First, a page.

Shopping at Walmart is a mixed blessing. The stores are at times disorganized and dirty, the staffs surly and harried. If you need assistance, the best strategy is to sneak into the next aisle while your child isn't looking, and hope that his or her tears attract an employee.
As a worker soothes your kid, you swoop in, shrieking, "Where are the microwaveable frozen crustless peanut butter-and-jelly sandwiches and the 144-packs of Mountain Dew?"
But then you go to check out and the employee, using what looks like a cash register but must be a time machine, quotes a total out of 1978. And the low, low prices make it worthwhile. Sort of.
Shopping at Walmart is like being paid to be simultaneously punched in the gut, aggressively tickled and rubbed all over with cotton candy. Some think it's worth it, others don't.
It's often pointed out that Walmart manages to keep its prices so low, the experience so dismal and the demeanor of its employees so poor by paying low wages. This is true. It's also suggested that these employees are, in fact, underpaid.
That's not true at all, even though the average worker makes about $9 per hour.
The underpaying of Walmart workers came up last week with a story about an Ohio location where bins had been set out with signs that read, "Please donate food items here so associates in need can enjoy Thanksgiving dinner." That's a delicious irony, and the fact that every company I've worked for has collected food, clothing and money to help employees in specific need, which Walmart says was the point of this collection, doesn't make it any less of an effective arrow for those who say Walmart abuses workers.
Adding heft to this accusation, a report released by the Democratic staff of the U.S. House Committee on Education and the Workforce estimated that one Walmart employing 300 workers could cost taxpayers $900,000 annually, as some employees qualified for public assistance programs.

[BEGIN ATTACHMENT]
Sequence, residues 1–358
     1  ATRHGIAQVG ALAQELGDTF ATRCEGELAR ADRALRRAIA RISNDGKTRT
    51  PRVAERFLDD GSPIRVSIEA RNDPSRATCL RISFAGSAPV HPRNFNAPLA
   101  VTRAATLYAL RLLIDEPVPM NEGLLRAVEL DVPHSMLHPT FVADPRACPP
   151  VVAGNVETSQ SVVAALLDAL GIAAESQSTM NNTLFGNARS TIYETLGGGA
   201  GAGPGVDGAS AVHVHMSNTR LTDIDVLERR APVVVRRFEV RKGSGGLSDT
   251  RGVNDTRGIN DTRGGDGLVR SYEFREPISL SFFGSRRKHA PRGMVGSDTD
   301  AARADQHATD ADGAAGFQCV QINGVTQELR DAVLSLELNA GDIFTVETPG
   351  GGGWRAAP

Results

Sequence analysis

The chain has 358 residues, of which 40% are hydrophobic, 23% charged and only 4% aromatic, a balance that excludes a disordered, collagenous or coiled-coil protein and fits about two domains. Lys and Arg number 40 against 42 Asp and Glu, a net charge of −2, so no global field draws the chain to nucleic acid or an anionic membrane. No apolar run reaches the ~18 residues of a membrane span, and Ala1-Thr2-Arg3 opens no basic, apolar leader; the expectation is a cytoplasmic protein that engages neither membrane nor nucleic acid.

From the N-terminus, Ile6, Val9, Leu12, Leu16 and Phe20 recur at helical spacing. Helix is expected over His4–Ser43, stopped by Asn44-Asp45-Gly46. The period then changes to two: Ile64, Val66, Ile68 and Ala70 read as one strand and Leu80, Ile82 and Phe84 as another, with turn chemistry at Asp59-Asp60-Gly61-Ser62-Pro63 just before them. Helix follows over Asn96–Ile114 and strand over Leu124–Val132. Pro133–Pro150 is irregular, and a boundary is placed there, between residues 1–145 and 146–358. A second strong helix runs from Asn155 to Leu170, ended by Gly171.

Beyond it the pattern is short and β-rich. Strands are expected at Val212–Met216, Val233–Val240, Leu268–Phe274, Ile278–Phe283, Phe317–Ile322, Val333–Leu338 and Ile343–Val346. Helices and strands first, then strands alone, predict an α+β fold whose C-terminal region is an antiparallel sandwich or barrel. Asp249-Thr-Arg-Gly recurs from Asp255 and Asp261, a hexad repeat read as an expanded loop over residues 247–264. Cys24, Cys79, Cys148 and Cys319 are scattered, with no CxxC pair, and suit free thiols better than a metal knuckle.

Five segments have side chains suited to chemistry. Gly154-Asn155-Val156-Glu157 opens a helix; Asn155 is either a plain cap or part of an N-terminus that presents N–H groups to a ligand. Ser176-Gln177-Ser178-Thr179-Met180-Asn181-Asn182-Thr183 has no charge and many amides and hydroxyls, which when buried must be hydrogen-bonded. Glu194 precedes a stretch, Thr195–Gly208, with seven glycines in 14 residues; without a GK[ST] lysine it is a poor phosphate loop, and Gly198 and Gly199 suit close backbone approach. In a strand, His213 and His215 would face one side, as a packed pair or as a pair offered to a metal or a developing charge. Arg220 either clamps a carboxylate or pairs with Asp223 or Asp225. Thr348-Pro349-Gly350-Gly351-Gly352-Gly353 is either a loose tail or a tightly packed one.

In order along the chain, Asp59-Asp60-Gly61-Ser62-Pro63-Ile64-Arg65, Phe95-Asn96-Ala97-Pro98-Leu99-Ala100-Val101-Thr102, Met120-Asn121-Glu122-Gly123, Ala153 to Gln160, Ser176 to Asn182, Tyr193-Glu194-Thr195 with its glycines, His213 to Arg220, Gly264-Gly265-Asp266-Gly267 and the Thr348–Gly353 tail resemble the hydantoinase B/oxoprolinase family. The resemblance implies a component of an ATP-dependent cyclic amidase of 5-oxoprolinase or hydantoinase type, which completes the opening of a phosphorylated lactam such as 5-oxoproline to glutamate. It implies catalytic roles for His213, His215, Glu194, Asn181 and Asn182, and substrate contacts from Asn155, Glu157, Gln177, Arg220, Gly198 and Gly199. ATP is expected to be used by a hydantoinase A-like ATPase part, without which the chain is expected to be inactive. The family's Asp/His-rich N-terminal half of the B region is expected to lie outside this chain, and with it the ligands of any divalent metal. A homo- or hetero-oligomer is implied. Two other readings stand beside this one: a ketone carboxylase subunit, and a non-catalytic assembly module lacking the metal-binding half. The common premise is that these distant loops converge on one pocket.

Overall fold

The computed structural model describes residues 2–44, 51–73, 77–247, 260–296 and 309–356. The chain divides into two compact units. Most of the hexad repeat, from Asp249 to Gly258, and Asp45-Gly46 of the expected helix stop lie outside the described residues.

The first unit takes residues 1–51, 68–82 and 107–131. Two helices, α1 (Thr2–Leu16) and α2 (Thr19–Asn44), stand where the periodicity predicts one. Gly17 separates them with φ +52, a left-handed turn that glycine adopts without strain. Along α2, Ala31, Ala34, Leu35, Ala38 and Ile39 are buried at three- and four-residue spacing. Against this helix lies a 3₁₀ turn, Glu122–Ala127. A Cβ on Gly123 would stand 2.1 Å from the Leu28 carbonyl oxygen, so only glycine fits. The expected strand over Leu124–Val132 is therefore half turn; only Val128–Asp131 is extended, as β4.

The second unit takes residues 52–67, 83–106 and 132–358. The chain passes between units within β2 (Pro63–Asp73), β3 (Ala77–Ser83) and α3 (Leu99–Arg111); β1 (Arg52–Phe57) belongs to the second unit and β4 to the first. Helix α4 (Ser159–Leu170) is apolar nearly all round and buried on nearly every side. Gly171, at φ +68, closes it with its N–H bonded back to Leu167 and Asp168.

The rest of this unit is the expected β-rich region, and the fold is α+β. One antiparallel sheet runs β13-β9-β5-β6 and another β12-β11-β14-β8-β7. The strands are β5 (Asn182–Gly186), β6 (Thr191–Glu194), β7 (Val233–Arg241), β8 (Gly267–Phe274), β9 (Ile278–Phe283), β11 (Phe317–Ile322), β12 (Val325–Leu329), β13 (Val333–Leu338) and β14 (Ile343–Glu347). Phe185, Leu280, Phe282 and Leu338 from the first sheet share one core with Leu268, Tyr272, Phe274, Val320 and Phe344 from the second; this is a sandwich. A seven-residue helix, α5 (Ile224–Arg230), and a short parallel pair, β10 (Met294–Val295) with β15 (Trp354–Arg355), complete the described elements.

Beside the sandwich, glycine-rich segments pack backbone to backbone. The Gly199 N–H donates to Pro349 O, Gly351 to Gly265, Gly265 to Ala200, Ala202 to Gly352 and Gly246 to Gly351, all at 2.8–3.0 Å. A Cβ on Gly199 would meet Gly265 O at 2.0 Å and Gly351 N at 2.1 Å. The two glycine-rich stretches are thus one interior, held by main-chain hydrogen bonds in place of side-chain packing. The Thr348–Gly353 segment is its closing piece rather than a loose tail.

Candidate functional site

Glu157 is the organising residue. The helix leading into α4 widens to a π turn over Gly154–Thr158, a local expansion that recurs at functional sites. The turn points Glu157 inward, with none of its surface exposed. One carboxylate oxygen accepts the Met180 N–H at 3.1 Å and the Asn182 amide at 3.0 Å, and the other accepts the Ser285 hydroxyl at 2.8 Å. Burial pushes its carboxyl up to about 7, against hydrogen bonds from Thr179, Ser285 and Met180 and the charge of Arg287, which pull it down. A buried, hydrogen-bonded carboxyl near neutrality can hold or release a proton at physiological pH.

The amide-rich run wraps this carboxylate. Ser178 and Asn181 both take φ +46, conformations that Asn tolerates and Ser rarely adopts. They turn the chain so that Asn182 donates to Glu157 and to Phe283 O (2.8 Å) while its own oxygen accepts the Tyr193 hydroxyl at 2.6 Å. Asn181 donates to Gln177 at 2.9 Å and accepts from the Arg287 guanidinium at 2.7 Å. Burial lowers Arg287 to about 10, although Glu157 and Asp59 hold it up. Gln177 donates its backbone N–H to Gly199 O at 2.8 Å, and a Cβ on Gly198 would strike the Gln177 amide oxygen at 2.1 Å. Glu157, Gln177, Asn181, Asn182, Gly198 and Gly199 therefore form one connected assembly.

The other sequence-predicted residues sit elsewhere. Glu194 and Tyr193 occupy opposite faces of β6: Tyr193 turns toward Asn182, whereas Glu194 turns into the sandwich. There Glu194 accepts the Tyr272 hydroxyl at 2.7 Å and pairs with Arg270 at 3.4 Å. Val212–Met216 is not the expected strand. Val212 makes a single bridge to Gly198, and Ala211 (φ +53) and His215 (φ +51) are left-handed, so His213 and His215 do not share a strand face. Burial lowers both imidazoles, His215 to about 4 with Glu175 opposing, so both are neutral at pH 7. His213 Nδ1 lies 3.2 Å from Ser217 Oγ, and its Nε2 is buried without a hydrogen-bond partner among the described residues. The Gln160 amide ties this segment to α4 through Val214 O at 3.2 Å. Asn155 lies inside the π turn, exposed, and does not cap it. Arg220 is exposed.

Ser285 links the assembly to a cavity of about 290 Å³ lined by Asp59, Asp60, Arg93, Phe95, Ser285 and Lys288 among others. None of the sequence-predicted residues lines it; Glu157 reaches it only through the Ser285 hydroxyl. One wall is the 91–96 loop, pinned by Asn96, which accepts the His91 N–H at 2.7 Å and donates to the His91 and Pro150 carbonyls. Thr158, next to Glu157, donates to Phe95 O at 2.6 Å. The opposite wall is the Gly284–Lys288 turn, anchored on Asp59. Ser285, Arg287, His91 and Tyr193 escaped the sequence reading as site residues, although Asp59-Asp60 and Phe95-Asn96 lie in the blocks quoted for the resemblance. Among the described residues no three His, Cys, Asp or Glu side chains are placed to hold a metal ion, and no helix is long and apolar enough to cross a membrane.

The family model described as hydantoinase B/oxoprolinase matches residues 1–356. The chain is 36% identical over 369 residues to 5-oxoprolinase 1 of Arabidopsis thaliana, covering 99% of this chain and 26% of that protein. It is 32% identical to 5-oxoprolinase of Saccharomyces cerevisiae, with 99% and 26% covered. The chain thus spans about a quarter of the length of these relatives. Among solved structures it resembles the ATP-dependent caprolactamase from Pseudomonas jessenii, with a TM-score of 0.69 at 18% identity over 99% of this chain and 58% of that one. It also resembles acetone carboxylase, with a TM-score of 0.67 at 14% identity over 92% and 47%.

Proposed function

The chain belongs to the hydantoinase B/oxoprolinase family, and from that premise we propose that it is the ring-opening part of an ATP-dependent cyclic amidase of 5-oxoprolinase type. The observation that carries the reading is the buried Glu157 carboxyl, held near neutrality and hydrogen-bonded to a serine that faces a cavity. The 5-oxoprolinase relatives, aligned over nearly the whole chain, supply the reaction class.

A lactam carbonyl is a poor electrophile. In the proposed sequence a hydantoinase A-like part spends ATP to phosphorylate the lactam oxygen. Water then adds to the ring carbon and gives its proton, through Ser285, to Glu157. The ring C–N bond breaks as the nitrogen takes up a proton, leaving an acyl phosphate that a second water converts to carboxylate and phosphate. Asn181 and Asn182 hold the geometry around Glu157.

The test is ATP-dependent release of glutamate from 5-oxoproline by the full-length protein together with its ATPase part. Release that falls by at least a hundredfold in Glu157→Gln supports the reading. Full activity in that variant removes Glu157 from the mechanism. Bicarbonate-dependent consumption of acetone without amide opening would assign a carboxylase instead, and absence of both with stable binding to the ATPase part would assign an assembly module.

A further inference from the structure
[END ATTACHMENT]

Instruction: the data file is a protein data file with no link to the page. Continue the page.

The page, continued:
These are great stats, convincingly employed. But there are two issues here, and they can't be dealt with as one.
The first is that there's such a surplus of unskilled labor that it doesn't command enough pay to provide all that workers need. These people aren't, in any market sense, being underpaid. If they were, they'd either be hired away by a better-paying employer or stop showing up at Walmart.
They're making the best trade they can of services for compensation. The services of the unskilled have little value today, and they often haven't. Farmhands traditionally didn't have a pot to boil potatoes in. We only think the unskilled should be economically stable because we're just exiting a 100-year industrial period during which working on a line, manufacturing textiles and autos and refrigerators, could provide prosperity. That era was not the norm, and it's over.
Separate from the unskilled labor glut is the idea that everyone has a right to food, clothing, shelter and health care.
But Walmart's not responsible for the societal feeling that everybody ought to have everything they need. Walmart is pursuing a business plan based on selling much to many at the lowest possible cost.
If that's a bad business plan, and treating workers that way and creating a shopping experience that cut-rate is unacceptable to Americans, Walmart will fail. If it's a good business plan, Walmart will keep on keeping on, which is good news for the 1.4 million Americans it employs, who can't make more elsewhere, and the hundreds of millions of economically challenged folks who need the low prices Walmart offers.
Lane Filler is a member of the Newsday editorial board.